Addressing an investor conference call, Flannery said GE will refocus its activities around its power, aviation and healthcare divisions, a move which prompted many investors to sell shares, reducing the value of the company by 8% as it fell to a five-year low. The company’s stock has fallen by 40% this year and it now has a market value of $US 168bn.

The new strategy is likely to lead to the closure of many of GE's plants around the world, while Flannery is cutting the number of seats on its board from 18 to 12. GE is also set to cut its overhead costs by $US 2bn next year, half of which will come from its troubled power unit.

“Today, GE announced that it will divest the Transportation business from its portfolio,” the company said in its official announcement. “The Company is in the early stages of this process and exploring a multitude of possibilities that may include, among several options, creative approaches used to transition GE’s Consumer Finance business into Synchrony Financial or models like the Baker Hughes and GE Oil & Gas merger.

“This move is in line with GE’s broader efforts to divest $US 20bn in assets over the next few years. The Transportation business remains committed to building on its strong culture of innovation, deep domain, world-class technology and digital solutions in a way that best positions the business for growth.”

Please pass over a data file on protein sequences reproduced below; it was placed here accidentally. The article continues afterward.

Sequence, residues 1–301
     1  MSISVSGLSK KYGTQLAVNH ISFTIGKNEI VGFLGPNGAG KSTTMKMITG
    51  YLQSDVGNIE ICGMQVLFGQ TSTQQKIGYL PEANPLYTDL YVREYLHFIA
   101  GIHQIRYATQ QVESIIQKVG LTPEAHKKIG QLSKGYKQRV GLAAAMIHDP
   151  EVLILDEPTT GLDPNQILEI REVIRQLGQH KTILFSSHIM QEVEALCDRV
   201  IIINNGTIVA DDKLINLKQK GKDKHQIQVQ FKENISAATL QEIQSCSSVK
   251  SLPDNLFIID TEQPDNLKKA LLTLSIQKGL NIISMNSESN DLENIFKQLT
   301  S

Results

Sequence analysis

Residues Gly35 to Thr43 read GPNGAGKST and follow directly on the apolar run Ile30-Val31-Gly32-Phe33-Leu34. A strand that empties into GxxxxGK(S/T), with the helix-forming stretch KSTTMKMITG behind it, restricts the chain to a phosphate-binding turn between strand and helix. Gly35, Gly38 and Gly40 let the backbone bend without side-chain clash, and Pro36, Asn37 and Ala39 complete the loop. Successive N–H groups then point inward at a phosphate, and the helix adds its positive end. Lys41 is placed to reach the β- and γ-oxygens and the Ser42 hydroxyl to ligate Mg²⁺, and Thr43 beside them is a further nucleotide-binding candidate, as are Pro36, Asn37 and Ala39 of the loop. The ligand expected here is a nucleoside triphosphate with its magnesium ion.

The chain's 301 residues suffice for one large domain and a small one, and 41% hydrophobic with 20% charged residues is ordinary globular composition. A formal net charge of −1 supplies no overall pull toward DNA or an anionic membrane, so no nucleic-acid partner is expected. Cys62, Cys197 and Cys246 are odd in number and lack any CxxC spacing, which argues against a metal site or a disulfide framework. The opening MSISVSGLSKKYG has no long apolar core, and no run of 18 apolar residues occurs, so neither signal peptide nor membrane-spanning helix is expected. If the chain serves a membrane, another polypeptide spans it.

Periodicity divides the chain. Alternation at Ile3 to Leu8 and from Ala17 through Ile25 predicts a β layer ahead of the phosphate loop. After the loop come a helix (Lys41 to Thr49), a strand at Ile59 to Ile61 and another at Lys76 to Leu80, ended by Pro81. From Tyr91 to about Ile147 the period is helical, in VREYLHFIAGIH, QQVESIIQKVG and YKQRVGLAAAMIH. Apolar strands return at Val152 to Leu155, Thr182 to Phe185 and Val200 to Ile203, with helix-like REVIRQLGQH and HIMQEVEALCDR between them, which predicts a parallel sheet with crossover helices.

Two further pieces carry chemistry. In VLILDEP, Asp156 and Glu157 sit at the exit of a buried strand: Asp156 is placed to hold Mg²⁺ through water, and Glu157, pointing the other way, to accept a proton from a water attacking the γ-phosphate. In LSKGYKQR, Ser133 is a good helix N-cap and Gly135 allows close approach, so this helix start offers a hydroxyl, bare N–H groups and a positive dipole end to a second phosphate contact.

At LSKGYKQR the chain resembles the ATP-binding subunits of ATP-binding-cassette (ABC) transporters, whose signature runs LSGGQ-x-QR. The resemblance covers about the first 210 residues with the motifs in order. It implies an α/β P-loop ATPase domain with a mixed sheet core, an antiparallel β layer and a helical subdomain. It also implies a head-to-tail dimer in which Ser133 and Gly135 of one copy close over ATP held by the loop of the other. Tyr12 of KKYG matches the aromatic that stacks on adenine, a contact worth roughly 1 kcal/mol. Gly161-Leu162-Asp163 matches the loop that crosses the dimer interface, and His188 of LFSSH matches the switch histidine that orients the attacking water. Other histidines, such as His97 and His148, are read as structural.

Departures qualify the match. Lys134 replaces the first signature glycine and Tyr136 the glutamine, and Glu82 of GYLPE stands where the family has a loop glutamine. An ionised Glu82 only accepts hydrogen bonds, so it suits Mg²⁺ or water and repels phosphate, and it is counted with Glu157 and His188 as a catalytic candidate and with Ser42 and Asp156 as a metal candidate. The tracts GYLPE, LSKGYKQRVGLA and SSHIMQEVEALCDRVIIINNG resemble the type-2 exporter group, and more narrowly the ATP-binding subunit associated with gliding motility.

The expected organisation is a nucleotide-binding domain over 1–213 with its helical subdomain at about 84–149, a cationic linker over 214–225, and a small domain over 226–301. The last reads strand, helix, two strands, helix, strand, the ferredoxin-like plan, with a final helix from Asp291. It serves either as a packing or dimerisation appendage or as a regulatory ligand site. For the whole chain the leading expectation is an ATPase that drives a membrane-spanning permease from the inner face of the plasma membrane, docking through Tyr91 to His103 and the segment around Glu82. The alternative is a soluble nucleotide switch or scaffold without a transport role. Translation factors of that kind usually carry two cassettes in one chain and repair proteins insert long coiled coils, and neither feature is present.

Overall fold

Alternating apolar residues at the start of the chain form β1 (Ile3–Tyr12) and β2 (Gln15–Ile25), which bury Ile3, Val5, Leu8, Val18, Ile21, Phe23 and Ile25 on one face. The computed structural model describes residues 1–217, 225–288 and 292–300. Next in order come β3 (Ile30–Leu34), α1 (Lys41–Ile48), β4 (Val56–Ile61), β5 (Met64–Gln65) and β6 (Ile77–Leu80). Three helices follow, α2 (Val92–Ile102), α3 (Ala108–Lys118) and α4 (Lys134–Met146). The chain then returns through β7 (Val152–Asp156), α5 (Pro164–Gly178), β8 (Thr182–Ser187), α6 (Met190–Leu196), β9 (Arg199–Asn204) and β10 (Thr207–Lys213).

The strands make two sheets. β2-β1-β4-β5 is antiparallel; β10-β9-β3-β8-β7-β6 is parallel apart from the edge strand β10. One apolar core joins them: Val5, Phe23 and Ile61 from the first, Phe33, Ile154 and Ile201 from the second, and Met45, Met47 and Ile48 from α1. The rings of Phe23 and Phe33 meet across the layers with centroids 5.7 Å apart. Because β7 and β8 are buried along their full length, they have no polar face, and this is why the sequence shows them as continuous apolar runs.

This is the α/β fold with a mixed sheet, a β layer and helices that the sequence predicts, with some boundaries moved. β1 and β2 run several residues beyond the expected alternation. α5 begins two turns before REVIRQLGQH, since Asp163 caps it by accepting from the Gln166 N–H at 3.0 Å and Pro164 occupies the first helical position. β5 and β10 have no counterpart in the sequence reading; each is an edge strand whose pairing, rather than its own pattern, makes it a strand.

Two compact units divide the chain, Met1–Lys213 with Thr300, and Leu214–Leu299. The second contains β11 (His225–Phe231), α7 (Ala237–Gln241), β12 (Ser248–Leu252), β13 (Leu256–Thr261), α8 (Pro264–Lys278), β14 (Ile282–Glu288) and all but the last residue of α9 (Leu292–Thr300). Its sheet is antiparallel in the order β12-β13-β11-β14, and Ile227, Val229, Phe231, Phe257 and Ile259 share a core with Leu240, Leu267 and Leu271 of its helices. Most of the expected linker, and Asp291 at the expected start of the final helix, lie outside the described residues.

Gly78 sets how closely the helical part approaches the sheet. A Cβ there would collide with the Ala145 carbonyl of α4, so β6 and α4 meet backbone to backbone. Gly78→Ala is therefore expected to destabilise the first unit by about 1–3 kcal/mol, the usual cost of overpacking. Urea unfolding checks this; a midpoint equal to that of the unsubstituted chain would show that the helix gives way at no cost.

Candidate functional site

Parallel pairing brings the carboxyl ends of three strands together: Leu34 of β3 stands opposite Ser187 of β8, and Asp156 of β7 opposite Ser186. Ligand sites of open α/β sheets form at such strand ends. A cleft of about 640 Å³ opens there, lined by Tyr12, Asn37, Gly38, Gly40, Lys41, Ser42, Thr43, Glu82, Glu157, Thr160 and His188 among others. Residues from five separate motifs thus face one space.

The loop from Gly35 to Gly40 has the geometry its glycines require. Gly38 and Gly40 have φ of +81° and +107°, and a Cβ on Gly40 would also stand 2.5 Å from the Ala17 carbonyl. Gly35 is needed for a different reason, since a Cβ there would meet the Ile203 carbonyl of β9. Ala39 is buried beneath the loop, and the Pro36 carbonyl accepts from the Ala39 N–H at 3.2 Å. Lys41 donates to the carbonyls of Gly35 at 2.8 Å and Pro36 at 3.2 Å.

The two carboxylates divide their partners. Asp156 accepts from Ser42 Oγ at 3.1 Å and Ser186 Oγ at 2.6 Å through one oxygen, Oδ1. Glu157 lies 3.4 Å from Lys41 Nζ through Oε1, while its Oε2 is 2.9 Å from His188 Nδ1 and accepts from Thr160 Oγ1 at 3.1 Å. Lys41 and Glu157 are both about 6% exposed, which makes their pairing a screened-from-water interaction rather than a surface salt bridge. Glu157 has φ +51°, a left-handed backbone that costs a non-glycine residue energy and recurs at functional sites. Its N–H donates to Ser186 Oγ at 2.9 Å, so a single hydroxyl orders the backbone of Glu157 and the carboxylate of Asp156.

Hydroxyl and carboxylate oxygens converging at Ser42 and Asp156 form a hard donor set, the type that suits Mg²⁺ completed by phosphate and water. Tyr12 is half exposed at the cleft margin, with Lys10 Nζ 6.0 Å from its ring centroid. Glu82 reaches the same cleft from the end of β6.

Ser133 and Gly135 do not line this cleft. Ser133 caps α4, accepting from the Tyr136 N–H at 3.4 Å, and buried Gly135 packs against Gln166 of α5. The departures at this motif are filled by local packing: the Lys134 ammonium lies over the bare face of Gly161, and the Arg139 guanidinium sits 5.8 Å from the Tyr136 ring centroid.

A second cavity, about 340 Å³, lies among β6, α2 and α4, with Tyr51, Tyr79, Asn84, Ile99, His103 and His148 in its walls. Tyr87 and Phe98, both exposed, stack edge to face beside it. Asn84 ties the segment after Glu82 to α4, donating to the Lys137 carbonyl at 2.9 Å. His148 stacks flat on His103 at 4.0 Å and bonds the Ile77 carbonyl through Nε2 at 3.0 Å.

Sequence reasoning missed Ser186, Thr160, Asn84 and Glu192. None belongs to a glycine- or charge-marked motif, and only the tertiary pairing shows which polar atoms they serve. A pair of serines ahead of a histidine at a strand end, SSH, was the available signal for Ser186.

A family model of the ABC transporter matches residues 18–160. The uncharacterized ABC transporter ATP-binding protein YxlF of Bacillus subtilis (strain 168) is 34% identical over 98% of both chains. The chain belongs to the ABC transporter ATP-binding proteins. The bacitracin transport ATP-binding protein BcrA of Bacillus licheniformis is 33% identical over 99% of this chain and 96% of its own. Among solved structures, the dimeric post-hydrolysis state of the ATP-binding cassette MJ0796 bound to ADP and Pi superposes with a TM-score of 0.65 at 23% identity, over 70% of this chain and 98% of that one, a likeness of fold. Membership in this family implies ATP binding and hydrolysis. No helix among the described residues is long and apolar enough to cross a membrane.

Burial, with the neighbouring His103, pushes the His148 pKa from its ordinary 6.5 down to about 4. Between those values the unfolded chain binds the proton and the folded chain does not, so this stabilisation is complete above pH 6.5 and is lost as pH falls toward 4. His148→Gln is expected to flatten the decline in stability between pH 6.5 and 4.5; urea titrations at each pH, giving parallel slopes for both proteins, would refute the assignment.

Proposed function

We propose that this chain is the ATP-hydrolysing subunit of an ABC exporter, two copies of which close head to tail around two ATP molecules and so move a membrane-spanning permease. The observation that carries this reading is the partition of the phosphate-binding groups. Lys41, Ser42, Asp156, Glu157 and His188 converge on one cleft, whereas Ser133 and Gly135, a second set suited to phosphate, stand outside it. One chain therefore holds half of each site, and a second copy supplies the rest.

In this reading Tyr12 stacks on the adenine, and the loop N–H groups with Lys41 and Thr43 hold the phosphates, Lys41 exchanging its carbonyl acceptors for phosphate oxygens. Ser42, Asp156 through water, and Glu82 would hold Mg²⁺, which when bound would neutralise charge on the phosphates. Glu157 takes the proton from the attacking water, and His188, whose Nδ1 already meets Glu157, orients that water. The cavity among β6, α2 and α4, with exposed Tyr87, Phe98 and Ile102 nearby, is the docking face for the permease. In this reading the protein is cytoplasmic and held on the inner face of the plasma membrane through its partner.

GE says recent downturns in the North American locomotive market had been partly offset by international growth and a strong backlog in its services business. It had instituted base cost reductions and rigorous supply chain management as well as focus on capital investment to optimise working capital requirements. However, the company admits there are “continued market challenges in Q4” and that it would still be under pressure in 2018-19. GE expects Transportation revenues to fall by 15% and profits by 25% in 2018.

GE announced in July that it would transfer production of locomotives from its plant in Erie, Pennsylvania, to Fort Worth, Texas following a 10% drop in domestic orders. GE has produced locomotives at its plant in Lawrence Park since 1910.